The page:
2014- Guadagnini Cello

My latest cello build is a 7/8 Guadagnini copy. The original was made in 1743. An important year for the production of early Guagagnini cellos. I know what you are thinking… Why a 7/8 cello!? Honestly, the wood was just small enough that I couldn’t make a full-size cello out of it. And what was I suppose to do? Toss the wood aside and buy more? When you spend the amount of money that Luthiers do then you will work with what you have on most occasions.
So, we have a 7/8 cello. I have been making this instrument over the past few months when I get some extra time at my workbench. Cello making is no small task; I do the same steps as when I make a violin or viola but on a much bigger scale. Needing much more muscles to wrestle with carving the back arching! Needless to say I am exhausted by the time I end up putting my tools down at the end of the day.
Attached are a few pictures of the purfling process as I went about carving the channel and inlaying the actual purfling.

Cello Outline
Cello Purfling1
Cello Purfling
Cello Purfling Corner
Cello Purfling Corner 2

2014- Stradivari Viola

This past year I have been copying a Stradivari Viola from 1672 known as the ‘Mahler’. It is the first of the 10 Stradivari Violas to be in existence today. While Stradivari made a couple thousand instruments he rarely made violas. There is going to be a Stradivari Viola being auctioned off this year and it is set to start the bidding around $45 million.

I can’t say that my prices will ever reach such a tremendous amount, but it gives me something to look up to as a maker. These instruments are high-end art, which is playable. You cannot take your Picasso off the wall and try to get enjoyment from playing it!
Times have changed and there are quite a few adjustments that I made to my Viola when I was drawing up the blue prints. I copied one side of the outline and mirror imaged it to have a very symmetrical final product. It is almost like drawing half of a heart on a piece of paper when we were kids and folding the piece of paper in half before we cut it out to make a perfectly symmetrical heart, make sense?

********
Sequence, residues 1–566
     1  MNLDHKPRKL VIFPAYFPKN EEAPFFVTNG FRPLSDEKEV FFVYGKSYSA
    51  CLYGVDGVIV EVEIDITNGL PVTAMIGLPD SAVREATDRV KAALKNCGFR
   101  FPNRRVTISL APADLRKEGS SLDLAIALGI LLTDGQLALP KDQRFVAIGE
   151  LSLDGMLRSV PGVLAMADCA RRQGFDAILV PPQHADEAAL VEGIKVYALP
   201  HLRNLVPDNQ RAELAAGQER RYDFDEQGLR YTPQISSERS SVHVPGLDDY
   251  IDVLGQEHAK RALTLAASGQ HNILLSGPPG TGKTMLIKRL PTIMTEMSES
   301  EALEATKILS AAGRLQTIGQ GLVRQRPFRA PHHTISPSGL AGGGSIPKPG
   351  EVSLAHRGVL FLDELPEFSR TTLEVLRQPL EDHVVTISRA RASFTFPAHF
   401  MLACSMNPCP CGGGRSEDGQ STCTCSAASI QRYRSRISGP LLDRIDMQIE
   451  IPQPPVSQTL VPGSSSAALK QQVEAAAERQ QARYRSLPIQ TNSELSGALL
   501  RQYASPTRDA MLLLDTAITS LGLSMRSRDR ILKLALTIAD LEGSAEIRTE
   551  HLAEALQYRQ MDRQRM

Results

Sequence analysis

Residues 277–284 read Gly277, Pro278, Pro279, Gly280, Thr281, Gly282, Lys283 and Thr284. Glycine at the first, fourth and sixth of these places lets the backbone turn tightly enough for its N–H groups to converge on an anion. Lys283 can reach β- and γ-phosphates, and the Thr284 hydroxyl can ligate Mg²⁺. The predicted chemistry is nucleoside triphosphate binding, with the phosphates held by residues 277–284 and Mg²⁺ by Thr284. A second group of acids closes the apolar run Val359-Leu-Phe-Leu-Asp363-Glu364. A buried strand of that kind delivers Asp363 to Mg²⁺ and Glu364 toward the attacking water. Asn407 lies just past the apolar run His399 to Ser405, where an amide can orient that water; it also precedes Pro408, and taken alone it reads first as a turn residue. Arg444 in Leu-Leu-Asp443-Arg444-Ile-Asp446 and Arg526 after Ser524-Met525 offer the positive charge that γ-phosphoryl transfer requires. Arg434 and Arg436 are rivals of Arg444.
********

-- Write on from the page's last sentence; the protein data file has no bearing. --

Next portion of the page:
I also removed the ‘wings’ from the sides of the scroll, exactly how you see cello scrolls today. It makes playing for the musician slightly more difficult; I also took the original scroll size and reduced it by about 15-20%. Again I did this strictly for the playability factor. I am almost done with my final scraping and rounding of the edges before this Viola gets to spend some time outside tanning.

Check back to see the finished product being varnished!

Viola edging

Viola Purfling Channel

Viola purfling

F-hole Carved

Stradivari F-hole

Stradivari Purfling

Scroll Fluting

Luthier Stick Up!

A few months ago, I finished building a pair of instruments; a Guadagnini viola named “Bonnie” and a Del Gesu’ violin named “Clyde”. I know, quite clever pairing such a historical couple such as Bonnie and Clyde, just seemed like the perfect way to carry on the names of my latest instruments. “Bonnie” quickly found a home replacing my first viola with a local Reading Symphony player while I got to spend a little more time with “Clyde” which I still am trying to find the right home for at the moment. I have had plenty of dealers offer to sell my instruments for much more than my current asking price in little old Reading, Pennsylvania. But I still can’t see myself boxing up my instruments and shipping them off to a big city where I might be able to seek a higher price. I guess I am more than slightly attached to my instruments as I spend countless hours at my workbench refining every single detail. I like to find the right player to care for my instruments, call me selfish but I love being able to maintain and see my instruments on a yearly basis, watching them grow together as one with the player. I love making new instruments for all shapes and sizes but I especially enjoy making for the younger generation as they tend to show so much potential and growth as they get older and the player and the instrument really do begin to grow as one.